In 1975, Opladen (including Quettingen and Lützenkirchen since 1930), Hitdorf and Bergisch Neukirchen joined Leverkusen. The present city is made up of former villages, originally called Wiesdorf, Opladen, Schlebusch, Manfort, Bürrig, Hitdorf, Quettingen, Lützenkirchen, Steinbüchel, Rheindorf and Bergisch-Neukirchen.[4]

Demographics[edit | edit source]

Population development since 1832:[7]

Historical population
Year Pop. ±%
1832 11,442
1871 15,507 Expression error: Unrecognized punctuation character ",".
1900 24,974 Expression error: Unrecognized punctuation character ",".
1910 44,088 Expression error: Unrecognized punctuation character ",".
1925 61,404 Expression error: Unrecognized punctuation character ",".
1933 67,260 Expression error: Unrecognized punctuation character ",".
1939 75,171 Expression error: Unrecognized punctuation character ",".
1946 84,646 Expression error: Unrecognized punctuation character ",".
1950 98,867 Expression error: Unrecognized punctuation character ",".
1961 137,516 Expression error: Unrecognized punctuation character ",".
1970 161,808 Expression error: Unrecognized punctuation character ",".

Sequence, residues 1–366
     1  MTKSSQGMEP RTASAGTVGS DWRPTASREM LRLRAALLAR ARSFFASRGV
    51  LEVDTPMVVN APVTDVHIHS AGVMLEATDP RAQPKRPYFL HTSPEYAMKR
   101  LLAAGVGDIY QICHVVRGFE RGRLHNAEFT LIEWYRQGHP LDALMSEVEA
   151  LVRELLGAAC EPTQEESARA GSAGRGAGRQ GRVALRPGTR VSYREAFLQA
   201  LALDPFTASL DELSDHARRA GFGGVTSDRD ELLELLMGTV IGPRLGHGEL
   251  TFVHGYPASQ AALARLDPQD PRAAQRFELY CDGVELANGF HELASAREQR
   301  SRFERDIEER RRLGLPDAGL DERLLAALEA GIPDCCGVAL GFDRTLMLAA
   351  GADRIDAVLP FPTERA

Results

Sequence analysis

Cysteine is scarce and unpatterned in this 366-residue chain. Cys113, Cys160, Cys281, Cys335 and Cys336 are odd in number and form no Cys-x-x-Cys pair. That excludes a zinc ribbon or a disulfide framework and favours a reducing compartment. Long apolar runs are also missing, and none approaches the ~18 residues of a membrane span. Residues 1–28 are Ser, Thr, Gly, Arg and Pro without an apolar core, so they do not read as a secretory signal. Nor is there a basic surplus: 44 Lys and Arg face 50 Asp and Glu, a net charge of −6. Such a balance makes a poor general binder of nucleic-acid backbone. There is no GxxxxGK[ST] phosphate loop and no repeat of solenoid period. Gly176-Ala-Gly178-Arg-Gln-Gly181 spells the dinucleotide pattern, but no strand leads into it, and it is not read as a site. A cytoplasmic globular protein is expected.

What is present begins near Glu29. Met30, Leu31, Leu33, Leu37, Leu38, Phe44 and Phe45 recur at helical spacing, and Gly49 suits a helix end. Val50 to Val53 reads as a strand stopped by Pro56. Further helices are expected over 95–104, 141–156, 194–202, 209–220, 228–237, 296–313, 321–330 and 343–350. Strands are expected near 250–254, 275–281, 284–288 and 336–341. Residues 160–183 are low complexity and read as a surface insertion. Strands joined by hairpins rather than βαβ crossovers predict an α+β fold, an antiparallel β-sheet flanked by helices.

1987 154,692 Expression error: Unrecognized punctuation character ",".
2000 161,426 Expression error: Unrecognized punctuation character ",".
2010 161,132 Expression error: Unrecognized punctuation character ",".
2017 166,737 Expression error: Unrecognized punctuation character ",".

Coat of Arms[edit | edit source]

The coat of arms consists of the two-tailed rampant red lion of the Bergisches Land with a blue crown on a silver background and an embattled line in front.[4]

Main sights and places of interest[edit | edit source]

Japanese Garden in front of the Bayer tower

  • BayArena is the home stadium of Bayer Leverkusen, with a capacity of over 30,000.
  • The Bayer Cross Leverkusen is one of the largest illuminated advertisements in the world.
  • Freudenthaler Sensenhammer is an industrial museum.
  • Schloss Morsbroichmoated castle in the Baroque style, now a museum for contemporary art.
  • Water Tower Leverkusen-Bürrig – 72.45-metre-high (237.7 ft) water reservoir containing an observation deck.
  • Neuland Park – large park beside the Rhine.
  • Japanese Garden – a 1913 garden extended by Carl Duisberg in 1923.[8]
  • Colony of workers – historical area in the form of houses and other buildings constructed for employees and families of the chemical works at the end of the 19th and beginning of 20th century.[9]
  • Einigkeit und Recht und Freiheit – historical boat bridge next to the Rhine, between Wiesdorf and Rheindorf.